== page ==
JM: Well, I think Bill [Belichick] has always done a great job of making sure that everything we do, I don’t care whether it’s coaching, scouting, game preparation, analysis of ourselves, whatever it may be, we’re very thorough. I think that the draft process and when you’re preparing for that all spring long, you really don’t know when players are going to get selected necessarily. You’re not necessarily sure who gets selected where and which teams feel good about this player, and it doesn’t really matter to us.
“We’re just looking for an honest, thorough evaluation of each player that we come across. Again, I think Bill has set that into motion, and Nick [Caserio] does a great job. He and Bill give us kind of our blueprint each year in terms of what we may be able to help with as coaches. It’s certainly not as much as the scouting department, but I just think it’s a process where we’re looking for guys that come in here with the traits that we think are important, regardless of what they have done or what their status may be to someone else. We’re just looking for guys that can come in here and try to compete in our system for our team and help make us better. I think that any time you’re talking about a player that comes in undrafted, I’m sure there’s a lot of motivation on his part.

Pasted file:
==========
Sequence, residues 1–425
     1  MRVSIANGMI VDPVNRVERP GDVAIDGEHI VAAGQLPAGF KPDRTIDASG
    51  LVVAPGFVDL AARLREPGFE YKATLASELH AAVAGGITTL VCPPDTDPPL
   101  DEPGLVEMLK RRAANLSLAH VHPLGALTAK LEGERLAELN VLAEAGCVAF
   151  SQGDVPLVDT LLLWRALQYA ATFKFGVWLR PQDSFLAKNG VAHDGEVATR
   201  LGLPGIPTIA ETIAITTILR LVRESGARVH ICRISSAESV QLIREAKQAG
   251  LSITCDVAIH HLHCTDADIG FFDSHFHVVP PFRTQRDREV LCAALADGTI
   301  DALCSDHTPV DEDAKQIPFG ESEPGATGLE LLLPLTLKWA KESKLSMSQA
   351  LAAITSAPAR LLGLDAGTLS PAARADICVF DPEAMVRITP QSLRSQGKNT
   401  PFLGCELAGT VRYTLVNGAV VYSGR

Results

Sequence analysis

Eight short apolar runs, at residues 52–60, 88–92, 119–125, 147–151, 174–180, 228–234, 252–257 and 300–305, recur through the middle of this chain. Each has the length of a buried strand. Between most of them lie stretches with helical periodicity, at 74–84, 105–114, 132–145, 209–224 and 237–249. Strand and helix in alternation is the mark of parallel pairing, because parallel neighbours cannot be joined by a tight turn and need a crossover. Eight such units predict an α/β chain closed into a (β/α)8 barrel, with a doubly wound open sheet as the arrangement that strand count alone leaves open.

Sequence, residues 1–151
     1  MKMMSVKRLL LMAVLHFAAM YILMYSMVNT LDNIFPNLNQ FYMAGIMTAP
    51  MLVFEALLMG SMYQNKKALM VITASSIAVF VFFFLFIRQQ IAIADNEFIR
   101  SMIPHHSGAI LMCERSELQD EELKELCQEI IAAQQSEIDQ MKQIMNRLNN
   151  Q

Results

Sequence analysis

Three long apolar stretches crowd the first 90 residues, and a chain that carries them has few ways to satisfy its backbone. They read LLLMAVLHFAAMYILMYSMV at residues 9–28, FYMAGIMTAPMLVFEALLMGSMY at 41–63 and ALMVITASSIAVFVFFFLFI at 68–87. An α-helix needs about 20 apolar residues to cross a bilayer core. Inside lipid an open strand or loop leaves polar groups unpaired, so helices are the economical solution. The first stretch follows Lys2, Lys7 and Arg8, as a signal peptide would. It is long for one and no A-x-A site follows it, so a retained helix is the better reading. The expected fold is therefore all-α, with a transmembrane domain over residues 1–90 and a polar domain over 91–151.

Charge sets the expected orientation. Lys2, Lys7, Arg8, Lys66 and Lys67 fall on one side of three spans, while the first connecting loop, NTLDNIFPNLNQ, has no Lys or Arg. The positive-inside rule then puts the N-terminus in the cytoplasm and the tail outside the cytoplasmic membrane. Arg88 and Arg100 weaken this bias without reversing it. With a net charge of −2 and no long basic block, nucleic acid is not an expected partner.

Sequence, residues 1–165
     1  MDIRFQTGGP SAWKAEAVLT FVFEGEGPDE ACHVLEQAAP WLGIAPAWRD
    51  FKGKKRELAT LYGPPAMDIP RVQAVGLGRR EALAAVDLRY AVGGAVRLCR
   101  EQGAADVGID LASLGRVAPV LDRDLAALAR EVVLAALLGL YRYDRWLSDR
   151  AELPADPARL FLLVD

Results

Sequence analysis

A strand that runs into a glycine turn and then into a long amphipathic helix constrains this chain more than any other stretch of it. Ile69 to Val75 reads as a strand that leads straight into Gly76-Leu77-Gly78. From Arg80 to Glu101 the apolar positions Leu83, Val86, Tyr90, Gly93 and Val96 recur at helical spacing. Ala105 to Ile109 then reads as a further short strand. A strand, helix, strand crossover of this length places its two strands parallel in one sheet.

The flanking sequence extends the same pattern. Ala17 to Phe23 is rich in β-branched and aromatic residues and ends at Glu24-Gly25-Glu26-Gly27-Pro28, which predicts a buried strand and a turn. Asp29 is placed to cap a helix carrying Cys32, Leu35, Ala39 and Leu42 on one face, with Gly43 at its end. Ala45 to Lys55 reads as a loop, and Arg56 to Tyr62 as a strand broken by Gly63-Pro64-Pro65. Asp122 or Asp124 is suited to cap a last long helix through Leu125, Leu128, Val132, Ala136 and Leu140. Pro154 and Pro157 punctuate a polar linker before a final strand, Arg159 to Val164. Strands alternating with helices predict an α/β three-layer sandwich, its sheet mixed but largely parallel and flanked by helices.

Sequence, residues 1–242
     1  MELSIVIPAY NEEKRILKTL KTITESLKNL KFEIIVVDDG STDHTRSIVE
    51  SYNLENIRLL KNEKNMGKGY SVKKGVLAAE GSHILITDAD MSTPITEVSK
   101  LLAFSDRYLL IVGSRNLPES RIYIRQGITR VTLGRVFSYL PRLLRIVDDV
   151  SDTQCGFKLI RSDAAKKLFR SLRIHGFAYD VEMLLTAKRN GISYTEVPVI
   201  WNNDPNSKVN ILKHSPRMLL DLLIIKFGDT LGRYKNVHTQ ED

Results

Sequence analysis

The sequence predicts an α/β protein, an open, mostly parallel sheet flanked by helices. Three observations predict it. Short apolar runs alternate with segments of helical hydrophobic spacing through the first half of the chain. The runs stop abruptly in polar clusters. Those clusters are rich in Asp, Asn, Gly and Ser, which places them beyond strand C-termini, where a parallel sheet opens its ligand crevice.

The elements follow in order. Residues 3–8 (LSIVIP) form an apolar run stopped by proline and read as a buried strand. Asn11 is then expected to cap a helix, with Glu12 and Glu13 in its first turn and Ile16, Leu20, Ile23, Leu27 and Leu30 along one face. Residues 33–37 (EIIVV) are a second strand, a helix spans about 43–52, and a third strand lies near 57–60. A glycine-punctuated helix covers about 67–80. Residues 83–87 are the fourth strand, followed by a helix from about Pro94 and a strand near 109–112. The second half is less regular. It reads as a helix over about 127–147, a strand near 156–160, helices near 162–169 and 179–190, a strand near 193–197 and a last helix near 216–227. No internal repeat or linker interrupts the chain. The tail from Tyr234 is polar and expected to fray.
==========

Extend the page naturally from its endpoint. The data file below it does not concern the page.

“I think the same traits that make a player that was drafted in the first or second round a good player can make a player that wasn’t drafted a good player, you know? They just have to have great work ethic, they have to be intelligent and tough, committed and disciplined and team oriented. As long as you have those things and they’re willing to work at it, then once you’re here it really doesn’t matter to any of us what round you were selected, how you were acquired. We’re just trying to play the best players. I think everybody knows that here. It’s fair competition. Everybody gets an opportunity and I think the guys really enjoy that. It continues to keep things fresh and make players compete throughout the course of the year. So, we’ve so happened to get contributions from those players, but I’ll tell you this ‘ I don’t look at any of those guys that way. I just look at them as Patriots ‘ that they come to work just like everybody else and they’ve done a great job for us this year. We’re happy to have them on our team.
Latest from Bleacher Report
- Updates on Patriots OT Sebastian Vollmer Injury
- Latest Updates on Tom Brady's Thumb Injury
- Malcolm Mitchell Injury: Updates on Patriots WR's Elbow
- Tom Brady Comments on Suspension, Decision to Drop Deflategate Appeal
- Latest Updates on Bryan Stork's Concussion
- Gronk Is Too Good to Be NFL's Highest-Paid TE
- Rob Gronkowski Contract: Latest News, Rumors on TE's Negotiations with...